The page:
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Jan Sims

I just stumbled on a review of your book from Arts & Letters Daily and having read the excerpt here I'm eager to buy it. Just wanted to say that although I am Christian, I perfectly understand and applaud your desire to show that the books are good writing above and beyond any narrow Christian interpretation. When I finished the Last Battle (I was 10), I remember I cried for hours that Narnia was somehow "closed" to this world, but I promised myself I would find my way to my own magic world. Falling in love with Narnia for me was the beginning of a lifelong desire to write a "fairy tale" equal to Lewis's. I have not yet done that, but I continue to practice writing in that genre for all the reasons Lewis preferred it. Children who have fallen in love with Rowling's lengthy Potter series will no doubt develop a lifelong admiration for wordier prose, but in my heart of hearts, Lewis will always be the superior writer for being able to create a rich fantasy world that has lasted through generations in so few words. The chapters in the Chronicles of Narnia are remarkably short and the sentences gracefully simple, perfectly suited to children's reading skills without talking down to them. Part of the magic is that kids can read the books to themselves without a grownup telling them what they mean. Lewis taught me, without my realizing it, how allegory works and the aesthetic possibilities of nonlinear narrative. (I still fume when I look at the "renumbered" books in stores today, sorting it out chronologically for children and depriving them of the indescribable literary pleasures of prequels and sequels.)
For you, discovering the Christian themes as a teen felt like a betrayal. For me, it felt like a wonderful revelation of another layer of the stories that I figured out all by myself. No doubt my understanding of the books' spiritual dimension is quite different from some other believers' interpretations, and that is why I call the books real literature: they survive the scrutiny of all our lenses.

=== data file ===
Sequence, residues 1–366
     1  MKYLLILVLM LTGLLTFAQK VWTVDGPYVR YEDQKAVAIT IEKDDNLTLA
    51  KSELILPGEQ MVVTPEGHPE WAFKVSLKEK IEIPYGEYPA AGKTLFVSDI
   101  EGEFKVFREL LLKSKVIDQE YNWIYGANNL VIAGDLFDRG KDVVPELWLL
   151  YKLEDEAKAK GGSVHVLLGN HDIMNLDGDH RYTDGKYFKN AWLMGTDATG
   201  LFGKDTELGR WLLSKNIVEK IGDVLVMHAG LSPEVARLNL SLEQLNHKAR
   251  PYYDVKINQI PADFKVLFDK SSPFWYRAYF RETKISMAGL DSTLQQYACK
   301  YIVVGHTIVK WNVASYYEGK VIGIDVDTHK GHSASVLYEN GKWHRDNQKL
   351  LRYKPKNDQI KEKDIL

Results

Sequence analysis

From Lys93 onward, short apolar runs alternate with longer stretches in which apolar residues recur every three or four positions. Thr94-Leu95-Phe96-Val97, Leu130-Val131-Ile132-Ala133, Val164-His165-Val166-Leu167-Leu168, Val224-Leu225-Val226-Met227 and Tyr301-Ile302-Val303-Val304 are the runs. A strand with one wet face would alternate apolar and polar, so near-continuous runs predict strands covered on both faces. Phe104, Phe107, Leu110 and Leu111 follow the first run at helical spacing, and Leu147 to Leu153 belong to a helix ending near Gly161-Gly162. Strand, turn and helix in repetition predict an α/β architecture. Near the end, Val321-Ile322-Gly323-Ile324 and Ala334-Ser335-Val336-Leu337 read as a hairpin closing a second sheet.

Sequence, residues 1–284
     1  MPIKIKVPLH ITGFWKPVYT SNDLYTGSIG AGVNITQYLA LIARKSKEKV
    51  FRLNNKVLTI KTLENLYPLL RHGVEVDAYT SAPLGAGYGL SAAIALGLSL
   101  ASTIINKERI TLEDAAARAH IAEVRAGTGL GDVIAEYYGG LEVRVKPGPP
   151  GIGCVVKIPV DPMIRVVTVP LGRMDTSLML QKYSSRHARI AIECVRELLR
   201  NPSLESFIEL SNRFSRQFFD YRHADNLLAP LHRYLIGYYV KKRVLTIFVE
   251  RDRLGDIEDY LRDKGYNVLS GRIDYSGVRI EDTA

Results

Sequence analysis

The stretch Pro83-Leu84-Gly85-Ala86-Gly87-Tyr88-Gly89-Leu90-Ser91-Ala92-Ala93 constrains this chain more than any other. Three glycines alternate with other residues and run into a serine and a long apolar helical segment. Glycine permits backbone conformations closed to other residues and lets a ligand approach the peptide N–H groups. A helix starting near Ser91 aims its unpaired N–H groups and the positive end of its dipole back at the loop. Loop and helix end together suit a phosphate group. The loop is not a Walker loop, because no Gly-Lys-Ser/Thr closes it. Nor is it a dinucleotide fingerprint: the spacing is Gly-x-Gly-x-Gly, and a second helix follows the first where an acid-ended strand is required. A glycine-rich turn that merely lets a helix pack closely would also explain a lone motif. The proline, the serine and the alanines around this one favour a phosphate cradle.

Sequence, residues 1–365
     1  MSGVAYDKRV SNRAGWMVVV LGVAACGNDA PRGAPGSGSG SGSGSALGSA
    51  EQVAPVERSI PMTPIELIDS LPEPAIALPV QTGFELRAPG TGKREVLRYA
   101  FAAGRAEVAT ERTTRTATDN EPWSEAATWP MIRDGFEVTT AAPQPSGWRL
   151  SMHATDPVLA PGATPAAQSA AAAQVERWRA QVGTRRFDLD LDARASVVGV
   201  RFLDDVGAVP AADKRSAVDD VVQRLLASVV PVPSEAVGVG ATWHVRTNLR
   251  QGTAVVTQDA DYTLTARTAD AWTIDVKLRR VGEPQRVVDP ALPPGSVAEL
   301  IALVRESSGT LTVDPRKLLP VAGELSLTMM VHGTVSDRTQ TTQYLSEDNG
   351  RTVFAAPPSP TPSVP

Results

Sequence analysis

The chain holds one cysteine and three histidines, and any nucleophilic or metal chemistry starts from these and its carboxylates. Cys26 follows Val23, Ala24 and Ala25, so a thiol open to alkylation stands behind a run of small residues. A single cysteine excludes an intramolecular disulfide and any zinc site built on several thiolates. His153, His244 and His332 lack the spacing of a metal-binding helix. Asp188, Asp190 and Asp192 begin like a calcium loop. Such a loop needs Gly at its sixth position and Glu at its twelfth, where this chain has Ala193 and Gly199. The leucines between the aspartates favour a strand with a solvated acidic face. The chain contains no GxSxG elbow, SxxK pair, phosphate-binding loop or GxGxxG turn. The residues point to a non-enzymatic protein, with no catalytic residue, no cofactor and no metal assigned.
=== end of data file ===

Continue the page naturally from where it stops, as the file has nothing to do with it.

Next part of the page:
Some formative concepts I took away from Narnia: (a) because grownups tend to lose perspective on the possible, don't "grow up" like Susan -- stay in touch with the truth you named in yourself as a child; (b) we are all capable of staying in the shed with the dwarves and refusing to partake of joy on this earth; (c) eau de burnt Marshwiggle is good for breaking spells, so if you're prone to fantasy, have one close friend with a smelly foot firmly in the fires of reality; (c) it doesn't matter what you call the Light within, Aslan, God, or whatever, or even whether you say you believe in anything beyond yourself because the good you do and the love and courage you share with others is what really matters. In other words, Lewis taught me acceptance of many worlds. I'll try to post again after I've actually read your book!


Funny that you've just mentioned Connie Willis' To Say Nothing of the Dog in your blog entry - I am reading it, for the second time, at the same time as I'm reading The Magician's Book.

I, too, was a big Narnia fan as a child, and was never bothered by the realization that it included any overlap with the stories of Christianity ... perhaps because I have so little knowledge of those stories that even those connections that are most obvious are still mainly lost on me. You note in the book that pretty much everyone liked Last Battle least, but it's always been one of my favorites, oddly enough. I'm not sure I could say why, but to me it always seemed to have the strongest dose of 'wildness' of all the books.